Wednesday, September 30, 2009

Professor Kremer Says that Population Growth Encourages Innovation, Even in Poor Societies

A recent study reiterated the conclusion that population growth ought to be controlled in order to combat global warming, and other world problems. The authors of studies like these have exaggerated the benefits of population control, because they ignore some of the significant economic benefits of large populations -- in particular, the effect of population on the rate of technical change.

Some may argue that population spurs innovation only when the population in question is "adequately" educated, and that population needs to be controlled to achieve that adequate education. That's and interesting hypothesis, and worthy of further investigation, but let's not ignore what's already been published on this subject. Harvard's Professor Kremer wrote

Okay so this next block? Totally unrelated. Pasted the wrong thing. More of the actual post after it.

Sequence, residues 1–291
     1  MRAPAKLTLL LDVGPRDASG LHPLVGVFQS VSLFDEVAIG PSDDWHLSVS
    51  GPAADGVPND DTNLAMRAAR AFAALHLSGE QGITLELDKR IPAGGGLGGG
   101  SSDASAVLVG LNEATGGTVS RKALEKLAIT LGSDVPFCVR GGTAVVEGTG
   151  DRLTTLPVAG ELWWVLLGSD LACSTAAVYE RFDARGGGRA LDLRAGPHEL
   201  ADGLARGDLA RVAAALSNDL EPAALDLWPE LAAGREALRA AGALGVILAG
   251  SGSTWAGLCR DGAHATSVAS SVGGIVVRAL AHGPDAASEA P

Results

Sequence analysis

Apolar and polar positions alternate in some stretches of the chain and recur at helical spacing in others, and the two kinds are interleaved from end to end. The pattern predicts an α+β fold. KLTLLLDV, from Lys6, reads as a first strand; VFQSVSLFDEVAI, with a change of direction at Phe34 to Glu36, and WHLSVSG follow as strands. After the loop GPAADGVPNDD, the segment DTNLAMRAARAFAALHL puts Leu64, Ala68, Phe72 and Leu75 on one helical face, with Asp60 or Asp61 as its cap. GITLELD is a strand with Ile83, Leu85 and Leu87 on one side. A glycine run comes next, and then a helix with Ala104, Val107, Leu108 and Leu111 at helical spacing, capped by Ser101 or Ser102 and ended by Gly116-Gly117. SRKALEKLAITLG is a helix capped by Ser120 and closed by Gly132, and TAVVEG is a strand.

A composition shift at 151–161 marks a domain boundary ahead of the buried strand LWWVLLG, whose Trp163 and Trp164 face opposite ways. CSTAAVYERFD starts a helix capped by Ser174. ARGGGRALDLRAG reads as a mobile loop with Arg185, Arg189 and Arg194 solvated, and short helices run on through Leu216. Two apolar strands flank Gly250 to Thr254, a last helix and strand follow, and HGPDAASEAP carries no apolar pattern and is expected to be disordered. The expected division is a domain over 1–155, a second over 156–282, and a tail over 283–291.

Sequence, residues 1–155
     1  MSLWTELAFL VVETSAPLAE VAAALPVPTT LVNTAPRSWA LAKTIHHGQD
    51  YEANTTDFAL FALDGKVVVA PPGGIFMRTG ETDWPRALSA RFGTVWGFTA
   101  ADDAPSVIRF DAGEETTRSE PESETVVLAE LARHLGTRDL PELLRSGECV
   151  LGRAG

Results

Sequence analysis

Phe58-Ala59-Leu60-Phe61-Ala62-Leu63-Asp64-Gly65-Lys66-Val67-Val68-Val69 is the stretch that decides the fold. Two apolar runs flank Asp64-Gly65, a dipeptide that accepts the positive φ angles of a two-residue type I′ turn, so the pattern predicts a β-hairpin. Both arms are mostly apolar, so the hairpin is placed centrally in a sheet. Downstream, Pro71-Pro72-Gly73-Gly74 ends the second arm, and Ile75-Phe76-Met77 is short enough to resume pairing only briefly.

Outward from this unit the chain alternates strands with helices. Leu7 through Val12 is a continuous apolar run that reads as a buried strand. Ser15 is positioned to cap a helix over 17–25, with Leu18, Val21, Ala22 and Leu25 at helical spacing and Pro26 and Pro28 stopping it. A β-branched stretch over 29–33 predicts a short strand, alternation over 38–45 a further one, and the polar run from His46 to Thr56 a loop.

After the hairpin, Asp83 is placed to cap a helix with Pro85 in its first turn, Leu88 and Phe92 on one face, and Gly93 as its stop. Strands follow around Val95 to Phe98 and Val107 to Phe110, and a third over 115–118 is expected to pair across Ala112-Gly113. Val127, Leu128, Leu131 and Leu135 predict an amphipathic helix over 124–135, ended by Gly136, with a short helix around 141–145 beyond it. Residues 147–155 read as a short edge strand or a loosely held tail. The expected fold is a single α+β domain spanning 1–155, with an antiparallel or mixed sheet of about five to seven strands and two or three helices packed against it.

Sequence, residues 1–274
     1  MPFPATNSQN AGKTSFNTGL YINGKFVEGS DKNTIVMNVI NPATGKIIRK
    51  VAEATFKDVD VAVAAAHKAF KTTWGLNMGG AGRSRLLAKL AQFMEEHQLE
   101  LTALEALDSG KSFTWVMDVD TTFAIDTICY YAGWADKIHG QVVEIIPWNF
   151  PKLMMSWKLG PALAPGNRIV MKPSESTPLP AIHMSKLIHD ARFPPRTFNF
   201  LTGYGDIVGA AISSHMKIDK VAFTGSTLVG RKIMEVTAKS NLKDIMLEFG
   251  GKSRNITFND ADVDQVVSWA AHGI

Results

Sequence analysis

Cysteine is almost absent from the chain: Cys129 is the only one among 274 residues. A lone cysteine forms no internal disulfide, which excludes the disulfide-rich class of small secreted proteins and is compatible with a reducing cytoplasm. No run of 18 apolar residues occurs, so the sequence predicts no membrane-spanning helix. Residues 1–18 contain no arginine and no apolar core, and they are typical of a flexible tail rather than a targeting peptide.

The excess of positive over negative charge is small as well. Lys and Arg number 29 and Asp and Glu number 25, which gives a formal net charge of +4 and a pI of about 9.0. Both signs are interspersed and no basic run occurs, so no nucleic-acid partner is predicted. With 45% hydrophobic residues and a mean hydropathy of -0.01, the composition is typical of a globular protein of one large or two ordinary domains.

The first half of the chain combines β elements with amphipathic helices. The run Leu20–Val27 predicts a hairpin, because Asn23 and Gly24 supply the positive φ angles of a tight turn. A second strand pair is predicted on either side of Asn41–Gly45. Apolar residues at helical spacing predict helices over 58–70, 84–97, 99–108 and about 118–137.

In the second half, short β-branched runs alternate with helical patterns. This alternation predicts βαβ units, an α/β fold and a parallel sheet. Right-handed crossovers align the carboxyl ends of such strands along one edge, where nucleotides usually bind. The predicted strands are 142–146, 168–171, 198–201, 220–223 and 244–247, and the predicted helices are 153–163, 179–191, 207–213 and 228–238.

"high population spurs technical change ... [historically] societies with larger initial populations have had faster technological change ...."

Michael Kremer (1993), "Population Growth and Technological Change: One Million B.C. to 1990," Quarterly Journal of Economics 108:3 (August), pp. 681-716.

In case you're wondering, the populations considered by Professor Kremer were actually LESS educated than the populations that some want to control today.

[Interestingly, the link above proves that at least some population control advocates are aware of the Kremer study, and have deliberately chosen to ignore it in the recent blogosphere debate]


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